Torture by the British army
THE INQUIRY has restarted into the murder of 14 unarmed civil rights protesters by the British army in Derry, Northern Ireland, in 1972. The Bloody Sunday inquiry is hearing evidence of the scale of the brutality the British state was prepared to inflict on Catholics. It heard tapes from the Victoria barracks of senior army officers talking on the phone on 30 January 1972.
One expressed satisfaction that paratroopers had killed so many protesters. The inquiry was also read a transcript of a paratrooper, identified only as Soldier 027-army personnel have been granted anonymity for the inquiry. It said that paratroopers used “dum-dum” bullets, which are banned by international conventions.
It described a disgusting assault on a Catholic man in Belfast by paratroopers one month after Bloody Sunday. Paratroopers beat him up, and then revived him and threw him into the back of an armoured personnel carrier “where he was electrocuted in some way, castrated, sliced in the face with a knife, and kicked and beaten”. Soldiers then dumped him in the Loyalist Shankill Road “to await his fate”.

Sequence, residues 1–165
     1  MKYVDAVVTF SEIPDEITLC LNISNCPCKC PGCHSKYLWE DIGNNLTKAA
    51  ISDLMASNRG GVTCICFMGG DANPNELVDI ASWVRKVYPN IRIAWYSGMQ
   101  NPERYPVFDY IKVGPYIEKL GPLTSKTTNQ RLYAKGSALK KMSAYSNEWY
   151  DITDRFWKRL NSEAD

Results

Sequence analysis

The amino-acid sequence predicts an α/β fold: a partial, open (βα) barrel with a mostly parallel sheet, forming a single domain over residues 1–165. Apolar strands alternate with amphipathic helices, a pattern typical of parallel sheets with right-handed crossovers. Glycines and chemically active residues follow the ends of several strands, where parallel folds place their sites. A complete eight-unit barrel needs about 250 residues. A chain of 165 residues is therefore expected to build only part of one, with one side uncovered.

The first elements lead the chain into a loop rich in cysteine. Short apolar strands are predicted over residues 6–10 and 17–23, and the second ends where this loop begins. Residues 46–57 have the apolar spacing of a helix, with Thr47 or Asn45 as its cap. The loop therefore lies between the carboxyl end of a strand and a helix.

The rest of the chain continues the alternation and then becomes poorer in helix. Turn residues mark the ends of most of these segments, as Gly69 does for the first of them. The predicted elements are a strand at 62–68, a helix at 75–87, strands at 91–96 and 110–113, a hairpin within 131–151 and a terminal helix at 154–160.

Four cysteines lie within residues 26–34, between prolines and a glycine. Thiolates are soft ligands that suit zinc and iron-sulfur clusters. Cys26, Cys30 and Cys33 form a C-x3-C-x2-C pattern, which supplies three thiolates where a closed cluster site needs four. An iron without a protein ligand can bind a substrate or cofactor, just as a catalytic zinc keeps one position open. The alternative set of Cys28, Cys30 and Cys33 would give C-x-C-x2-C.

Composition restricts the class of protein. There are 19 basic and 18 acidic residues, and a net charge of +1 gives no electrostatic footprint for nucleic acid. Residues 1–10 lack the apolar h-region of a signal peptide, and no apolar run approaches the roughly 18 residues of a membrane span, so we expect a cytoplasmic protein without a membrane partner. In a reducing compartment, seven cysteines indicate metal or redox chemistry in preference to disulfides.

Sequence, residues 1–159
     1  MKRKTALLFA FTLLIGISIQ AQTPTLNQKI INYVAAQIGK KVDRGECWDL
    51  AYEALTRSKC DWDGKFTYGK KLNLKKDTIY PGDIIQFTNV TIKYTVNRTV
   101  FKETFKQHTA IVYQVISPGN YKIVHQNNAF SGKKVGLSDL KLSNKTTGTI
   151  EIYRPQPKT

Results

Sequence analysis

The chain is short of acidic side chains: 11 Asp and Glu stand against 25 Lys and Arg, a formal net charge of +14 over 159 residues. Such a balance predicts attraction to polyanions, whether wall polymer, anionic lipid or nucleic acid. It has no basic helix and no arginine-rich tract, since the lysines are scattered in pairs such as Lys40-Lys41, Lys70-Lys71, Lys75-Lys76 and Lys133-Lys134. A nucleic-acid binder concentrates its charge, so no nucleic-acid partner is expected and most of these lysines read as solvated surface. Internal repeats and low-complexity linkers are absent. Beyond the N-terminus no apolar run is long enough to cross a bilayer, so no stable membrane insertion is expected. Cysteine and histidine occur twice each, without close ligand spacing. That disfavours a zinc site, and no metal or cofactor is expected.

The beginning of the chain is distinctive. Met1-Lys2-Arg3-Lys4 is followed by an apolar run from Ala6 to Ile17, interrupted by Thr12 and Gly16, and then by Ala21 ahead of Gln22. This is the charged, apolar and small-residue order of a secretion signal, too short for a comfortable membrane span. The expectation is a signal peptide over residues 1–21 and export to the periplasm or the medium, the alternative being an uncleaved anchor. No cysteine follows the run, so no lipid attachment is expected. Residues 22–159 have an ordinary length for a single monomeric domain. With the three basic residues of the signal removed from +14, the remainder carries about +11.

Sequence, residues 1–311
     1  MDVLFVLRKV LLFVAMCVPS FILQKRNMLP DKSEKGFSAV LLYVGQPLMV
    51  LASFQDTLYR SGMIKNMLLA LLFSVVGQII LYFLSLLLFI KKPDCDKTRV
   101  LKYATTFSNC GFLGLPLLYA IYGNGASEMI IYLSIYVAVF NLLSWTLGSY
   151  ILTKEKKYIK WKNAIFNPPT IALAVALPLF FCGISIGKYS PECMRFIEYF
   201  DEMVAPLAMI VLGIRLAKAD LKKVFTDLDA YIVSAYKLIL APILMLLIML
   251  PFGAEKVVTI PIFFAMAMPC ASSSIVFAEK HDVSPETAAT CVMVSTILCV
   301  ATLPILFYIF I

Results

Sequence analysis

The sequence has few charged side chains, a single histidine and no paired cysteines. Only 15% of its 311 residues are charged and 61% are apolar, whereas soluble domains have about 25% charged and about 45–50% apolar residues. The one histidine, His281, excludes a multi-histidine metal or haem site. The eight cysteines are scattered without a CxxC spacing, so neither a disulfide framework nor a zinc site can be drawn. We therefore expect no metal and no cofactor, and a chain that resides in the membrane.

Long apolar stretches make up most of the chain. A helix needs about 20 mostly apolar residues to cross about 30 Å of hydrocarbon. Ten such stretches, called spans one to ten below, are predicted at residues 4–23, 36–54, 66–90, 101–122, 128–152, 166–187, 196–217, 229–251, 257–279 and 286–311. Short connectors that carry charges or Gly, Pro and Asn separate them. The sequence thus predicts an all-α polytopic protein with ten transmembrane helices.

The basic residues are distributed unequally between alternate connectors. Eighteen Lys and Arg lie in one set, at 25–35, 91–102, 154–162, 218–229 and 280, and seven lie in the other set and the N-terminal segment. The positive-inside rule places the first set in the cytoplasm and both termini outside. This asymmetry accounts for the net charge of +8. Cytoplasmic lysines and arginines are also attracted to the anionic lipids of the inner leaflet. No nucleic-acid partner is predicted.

ONE OF the members of the commission headed by Christopher Patten into Northern Ireland policing says the government has “gutted” its recommendations on reforming the RUC. Professor Clifford Shearing from the University of Toronto, Canada, says that the government’s bill on Northern Ireland policing “dismantles the foundations” of Patten’s report.
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